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Jethro Tull - Aqualung CD (album) cover


Jethro Tull


Prog Folk

4.36 | 2707 ratings

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4 stars This iconic album of the early prog era reached a larger crossover audience than any other by JETHRO TULL thanks largely to the title track and "Locomotive Breath". which are also arguably the strongest. Among progressive fans, myself included, "Cross Eyed Mary" easily draws in with the others. From there, one's overall assessment of the album depends on one's opinion of the remaining long tracks and on how well the shorter pieces glue together the overall structure. Until recently, I would have fallen into the category of those who find few other highlights, but, having listened more to Aqualung the last month than in the previous 4 decades combined, my current assessment is that this is an excellent hard rock album marred by a few average pieces and acoustic bridges that detract more than they enhance.

The title cut and "Cross Eyed Mary" are both beyond flawless, featuring exemplary riffs that perfected those of unlikely peers like LED ZEPPELIN and even BLACK SABBATH, proving that prog could rock as hard as any genre, and could not only deliver socially relevant messages but tell stories at the same time. Curiously, TULL never really pursued this approach as wholeheartedly again. The title cut is similar in structure to the MOODY BLUES' "Question" which opened their 1970 album, but both its harder and softer passages are snappier. It seems to deliberately lay off the flute, which is then fully exploited in the brilliant opening to the equally alluring "Cross Eyed Mary", before it resumes the lyrical and musical themes of its predecessor.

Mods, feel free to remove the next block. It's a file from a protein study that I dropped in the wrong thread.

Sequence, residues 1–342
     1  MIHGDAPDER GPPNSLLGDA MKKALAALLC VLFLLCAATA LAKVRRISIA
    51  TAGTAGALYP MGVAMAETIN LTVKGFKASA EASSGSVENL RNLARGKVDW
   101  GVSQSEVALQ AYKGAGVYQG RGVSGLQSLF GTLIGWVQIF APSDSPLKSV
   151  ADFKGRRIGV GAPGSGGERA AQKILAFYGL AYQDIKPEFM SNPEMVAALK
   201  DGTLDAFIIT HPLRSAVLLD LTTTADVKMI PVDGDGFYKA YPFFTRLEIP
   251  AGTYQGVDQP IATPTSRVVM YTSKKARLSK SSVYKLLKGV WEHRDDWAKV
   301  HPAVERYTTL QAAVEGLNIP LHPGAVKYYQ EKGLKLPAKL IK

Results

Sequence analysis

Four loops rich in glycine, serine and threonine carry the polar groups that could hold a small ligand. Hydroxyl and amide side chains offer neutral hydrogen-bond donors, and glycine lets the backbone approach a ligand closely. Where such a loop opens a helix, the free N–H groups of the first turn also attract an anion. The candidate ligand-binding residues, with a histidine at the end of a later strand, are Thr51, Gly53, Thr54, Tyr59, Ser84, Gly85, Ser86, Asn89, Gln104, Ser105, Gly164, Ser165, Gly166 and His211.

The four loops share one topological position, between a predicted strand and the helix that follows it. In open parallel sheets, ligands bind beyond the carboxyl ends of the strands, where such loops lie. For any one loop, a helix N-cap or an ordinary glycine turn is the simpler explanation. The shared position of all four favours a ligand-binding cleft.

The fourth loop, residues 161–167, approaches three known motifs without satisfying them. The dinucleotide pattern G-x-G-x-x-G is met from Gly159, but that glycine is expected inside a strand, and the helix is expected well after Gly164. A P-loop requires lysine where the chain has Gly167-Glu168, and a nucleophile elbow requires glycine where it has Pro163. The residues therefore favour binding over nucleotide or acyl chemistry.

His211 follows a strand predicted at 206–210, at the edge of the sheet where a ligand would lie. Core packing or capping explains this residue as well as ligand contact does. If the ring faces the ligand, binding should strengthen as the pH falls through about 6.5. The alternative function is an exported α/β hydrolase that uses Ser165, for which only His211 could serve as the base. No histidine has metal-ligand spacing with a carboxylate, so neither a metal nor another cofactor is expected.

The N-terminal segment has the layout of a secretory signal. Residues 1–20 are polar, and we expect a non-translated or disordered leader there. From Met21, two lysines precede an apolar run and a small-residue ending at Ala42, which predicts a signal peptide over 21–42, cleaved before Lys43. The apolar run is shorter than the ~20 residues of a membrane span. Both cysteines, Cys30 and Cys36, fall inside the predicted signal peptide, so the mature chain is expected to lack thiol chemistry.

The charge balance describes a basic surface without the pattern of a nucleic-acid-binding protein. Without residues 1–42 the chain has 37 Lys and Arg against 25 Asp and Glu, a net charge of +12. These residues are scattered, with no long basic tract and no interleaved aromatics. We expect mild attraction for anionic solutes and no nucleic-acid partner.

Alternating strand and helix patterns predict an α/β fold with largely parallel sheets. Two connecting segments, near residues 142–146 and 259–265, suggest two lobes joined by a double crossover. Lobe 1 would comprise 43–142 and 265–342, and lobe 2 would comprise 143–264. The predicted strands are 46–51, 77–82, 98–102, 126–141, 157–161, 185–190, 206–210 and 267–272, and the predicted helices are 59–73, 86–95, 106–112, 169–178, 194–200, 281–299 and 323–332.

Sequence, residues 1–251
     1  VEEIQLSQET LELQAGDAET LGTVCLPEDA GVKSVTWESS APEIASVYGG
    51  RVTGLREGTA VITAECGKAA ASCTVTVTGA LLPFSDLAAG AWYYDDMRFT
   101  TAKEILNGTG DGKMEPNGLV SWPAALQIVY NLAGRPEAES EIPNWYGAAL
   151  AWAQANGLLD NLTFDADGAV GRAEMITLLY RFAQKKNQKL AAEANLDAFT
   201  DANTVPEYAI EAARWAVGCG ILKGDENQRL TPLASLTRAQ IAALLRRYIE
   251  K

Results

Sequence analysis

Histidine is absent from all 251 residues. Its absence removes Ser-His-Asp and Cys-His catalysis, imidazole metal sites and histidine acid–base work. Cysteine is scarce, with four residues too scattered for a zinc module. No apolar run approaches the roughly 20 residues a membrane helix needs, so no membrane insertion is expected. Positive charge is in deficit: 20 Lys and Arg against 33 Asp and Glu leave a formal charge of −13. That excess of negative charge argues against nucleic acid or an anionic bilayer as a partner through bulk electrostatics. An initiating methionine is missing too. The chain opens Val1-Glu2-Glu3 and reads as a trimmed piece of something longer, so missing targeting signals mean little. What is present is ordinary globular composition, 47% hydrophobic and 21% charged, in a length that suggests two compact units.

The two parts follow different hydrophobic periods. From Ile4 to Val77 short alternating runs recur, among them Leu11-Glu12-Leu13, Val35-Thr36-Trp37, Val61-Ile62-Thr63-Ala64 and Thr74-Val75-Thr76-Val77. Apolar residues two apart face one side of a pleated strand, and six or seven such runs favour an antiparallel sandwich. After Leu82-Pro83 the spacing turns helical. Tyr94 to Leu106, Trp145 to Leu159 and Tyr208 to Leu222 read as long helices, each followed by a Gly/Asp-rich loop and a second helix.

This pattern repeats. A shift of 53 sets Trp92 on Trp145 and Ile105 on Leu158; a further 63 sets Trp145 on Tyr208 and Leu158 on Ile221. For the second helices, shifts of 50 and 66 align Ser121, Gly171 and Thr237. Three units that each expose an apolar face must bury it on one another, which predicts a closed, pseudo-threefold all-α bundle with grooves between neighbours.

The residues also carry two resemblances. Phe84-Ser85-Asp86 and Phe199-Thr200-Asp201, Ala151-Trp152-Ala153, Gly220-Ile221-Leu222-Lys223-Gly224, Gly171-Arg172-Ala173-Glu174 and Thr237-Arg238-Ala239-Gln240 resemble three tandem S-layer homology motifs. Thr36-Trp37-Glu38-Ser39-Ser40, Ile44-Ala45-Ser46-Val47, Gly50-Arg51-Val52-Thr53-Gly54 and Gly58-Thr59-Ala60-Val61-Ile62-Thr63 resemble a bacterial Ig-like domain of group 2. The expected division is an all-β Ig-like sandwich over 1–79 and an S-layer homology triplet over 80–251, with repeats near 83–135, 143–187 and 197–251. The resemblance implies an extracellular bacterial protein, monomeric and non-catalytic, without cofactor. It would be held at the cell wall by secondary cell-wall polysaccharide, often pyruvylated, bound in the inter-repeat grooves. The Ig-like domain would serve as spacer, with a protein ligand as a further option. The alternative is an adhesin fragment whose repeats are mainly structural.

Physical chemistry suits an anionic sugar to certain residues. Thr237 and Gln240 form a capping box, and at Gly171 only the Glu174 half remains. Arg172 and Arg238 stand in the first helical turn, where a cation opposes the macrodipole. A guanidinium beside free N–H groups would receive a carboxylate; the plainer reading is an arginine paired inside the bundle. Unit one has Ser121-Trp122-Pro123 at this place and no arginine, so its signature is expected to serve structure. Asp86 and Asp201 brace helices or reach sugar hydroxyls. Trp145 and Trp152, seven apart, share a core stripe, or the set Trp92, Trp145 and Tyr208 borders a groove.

From, here, the album is more hit and miss. The gentle and whimsical "Mother Goose", the sing along folk rock of "Up to Me", and the aforementioned infectious rocker "Locomotive Breath" are the major triumphs. "Oh God" and "Hymn 43" work together as did the two kickoff tracks on side one, but don't stand out very well on their own. In particular, while "Oh God" eventually includes a stellar riff and technically best flute and acoustic guitar, and is more experimental, it's also rather disjointed. "Wind Up" is a disappointing closer that continues the biting lyricism but is not musically worthy of a masterpiece, let alone its finale. It does marry the acoustic and electric again in one track.

To a first time listener following JETHRO TULL chronologically, it would be hard to predict where they would go from here, given the landmark shifts with every release. The classic rock mainstream has dubbed "Aqualung" the band's high water mark, and I think at least his once, those poor old sods got it right.

kenethlevine | 4/5 |


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